Boom Bright’s Packaging: How to Upcycle Your Wand to Help Wildlife Conservation Efforts
Here at BOOM!, we care about the future of the environment. It’s challenging, but it’s also fun for us to think of innovative ways we can be better stewards of the planet.
We’re always selective about the ingredients that go into our products. We use sustainably sourced all-natural ingredients whenever possible—especially for our skin care. (It’s been that way at BOOM! for the last 10 years.)
Beyond that, we’re also starting to reimagine our packaging for all our products.
For us, it was a no-brainer to use a sugarcane biopolymer to create the tube for our mascara, Boom Bright. This sugarcane tube does not depend on fossil fuels for production as regular plastics do. Instead, this eco-friendly tube relies on a regenerative agricultural system that supports healthy soils and increased biodiversity where it’s produced.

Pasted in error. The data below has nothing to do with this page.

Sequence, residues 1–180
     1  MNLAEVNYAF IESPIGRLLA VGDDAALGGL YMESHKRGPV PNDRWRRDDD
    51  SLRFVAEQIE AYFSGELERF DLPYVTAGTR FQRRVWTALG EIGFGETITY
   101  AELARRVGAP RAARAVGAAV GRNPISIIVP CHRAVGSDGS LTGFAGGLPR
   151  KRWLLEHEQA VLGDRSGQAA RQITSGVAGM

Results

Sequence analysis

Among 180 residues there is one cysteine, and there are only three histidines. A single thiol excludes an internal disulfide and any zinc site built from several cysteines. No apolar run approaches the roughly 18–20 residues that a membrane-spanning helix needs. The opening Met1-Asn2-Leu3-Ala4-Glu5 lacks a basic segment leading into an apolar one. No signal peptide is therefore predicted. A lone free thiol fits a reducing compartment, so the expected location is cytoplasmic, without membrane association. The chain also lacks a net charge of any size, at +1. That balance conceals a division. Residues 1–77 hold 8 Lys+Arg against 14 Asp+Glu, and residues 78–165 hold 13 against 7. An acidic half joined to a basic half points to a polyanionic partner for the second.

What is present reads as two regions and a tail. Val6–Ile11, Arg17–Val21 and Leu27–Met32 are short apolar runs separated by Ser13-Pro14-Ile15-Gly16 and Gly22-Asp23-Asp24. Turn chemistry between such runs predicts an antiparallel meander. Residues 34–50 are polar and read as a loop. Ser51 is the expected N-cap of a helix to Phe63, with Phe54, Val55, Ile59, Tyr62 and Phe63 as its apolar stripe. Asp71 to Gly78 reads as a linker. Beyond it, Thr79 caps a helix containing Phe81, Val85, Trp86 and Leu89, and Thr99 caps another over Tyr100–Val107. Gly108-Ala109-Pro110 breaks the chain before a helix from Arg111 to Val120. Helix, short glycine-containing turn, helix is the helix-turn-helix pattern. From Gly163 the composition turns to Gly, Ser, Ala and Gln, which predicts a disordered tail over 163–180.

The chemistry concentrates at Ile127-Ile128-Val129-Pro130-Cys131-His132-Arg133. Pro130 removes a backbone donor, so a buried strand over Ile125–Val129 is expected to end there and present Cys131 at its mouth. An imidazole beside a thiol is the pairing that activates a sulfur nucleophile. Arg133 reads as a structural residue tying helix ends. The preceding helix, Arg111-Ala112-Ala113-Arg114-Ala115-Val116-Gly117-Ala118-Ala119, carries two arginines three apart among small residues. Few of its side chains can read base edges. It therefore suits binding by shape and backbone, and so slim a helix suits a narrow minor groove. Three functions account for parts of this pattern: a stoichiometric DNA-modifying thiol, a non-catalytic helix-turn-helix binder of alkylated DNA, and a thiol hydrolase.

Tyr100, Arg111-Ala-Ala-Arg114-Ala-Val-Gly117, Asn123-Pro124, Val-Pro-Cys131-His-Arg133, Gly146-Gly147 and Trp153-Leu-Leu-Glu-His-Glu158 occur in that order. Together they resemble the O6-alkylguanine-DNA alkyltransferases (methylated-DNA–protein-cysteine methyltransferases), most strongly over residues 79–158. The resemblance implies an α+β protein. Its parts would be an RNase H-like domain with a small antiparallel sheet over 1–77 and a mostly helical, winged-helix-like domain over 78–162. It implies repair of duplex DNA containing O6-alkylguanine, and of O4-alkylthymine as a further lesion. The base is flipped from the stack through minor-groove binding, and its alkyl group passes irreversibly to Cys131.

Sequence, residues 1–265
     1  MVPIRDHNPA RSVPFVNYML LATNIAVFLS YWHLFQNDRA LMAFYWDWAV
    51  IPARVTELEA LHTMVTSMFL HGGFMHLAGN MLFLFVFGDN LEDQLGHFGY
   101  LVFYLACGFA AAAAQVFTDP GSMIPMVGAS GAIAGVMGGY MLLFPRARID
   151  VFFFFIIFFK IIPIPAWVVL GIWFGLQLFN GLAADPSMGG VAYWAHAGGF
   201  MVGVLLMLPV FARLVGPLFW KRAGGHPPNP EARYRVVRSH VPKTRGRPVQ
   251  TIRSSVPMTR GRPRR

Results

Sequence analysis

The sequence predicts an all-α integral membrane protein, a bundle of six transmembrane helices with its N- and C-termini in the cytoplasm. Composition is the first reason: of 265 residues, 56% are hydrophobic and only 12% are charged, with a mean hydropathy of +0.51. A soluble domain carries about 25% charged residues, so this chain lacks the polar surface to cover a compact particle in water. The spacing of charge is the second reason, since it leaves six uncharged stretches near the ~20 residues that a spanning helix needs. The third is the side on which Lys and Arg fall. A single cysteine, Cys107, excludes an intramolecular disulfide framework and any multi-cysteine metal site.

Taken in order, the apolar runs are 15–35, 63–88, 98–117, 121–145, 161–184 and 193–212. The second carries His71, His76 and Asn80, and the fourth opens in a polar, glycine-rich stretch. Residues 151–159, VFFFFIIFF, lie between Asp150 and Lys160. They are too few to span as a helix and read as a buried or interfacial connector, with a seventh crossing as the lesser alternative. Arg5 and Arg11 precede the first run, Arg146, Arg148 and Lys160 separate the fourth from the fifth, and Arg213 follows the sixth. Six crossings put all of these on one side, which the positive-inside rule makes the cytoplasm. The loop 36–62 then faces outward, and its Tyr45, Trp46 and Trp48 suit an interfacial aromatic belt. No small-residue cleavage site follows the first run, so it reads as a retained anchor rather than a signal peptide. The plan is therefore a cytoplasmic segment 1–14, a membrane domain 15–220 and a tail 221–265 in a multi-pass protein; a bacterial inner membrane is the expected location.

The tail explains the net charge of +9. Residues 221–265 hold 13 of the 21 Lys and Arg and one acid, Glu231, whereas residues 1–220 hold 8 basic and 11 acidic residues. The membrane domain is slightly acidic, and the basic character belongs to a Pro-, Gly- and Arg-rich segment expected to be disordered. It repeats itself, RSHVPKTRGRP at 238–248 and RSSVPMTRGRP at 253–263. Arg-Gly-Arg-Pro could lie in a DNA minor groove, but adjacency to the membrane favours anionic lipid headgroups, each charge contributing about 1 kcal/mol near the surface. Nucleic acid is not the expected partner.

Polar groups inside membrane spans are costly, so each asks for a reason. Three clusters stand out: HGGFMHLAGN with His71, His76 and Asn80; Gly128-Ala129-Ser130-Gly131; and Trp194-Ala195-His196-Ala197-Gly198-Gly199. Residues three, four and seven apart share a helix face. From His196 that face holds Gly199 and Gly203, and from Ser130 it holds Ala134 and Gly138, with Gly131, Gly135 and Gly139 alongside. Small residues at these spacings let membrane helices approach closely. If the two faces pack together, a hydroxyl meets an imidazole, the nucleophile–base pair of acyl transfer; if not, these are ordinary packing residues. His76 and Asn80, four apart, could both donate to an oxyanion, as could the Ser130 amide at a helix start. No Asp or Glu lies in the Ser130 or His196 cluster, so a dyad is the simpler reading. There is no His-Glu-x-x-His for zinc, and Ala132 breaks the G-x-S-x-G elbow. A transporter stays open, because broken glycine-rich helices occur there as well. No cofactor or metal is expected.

Best of all, when you’re finished with your Boom Bright mascara, you can clean out this sugarcane tube and easily recycle it with your regular household recyclables.
Boom Bright’s mascara applicator is not quite as easy to recycle as the tube. This posed a challenge for us when we were designing Boom Bright.
How could we manage the environmental impact of customers needing to dispose of their mascara applicator when they were finished with Boom Bright?
Many times, cosmetic applicators—like mascara wands—are not recyclable because of how the components are engineered. During the product research and development phase of Boom Bright, we thought long and hard about this issue until we came up with the answer.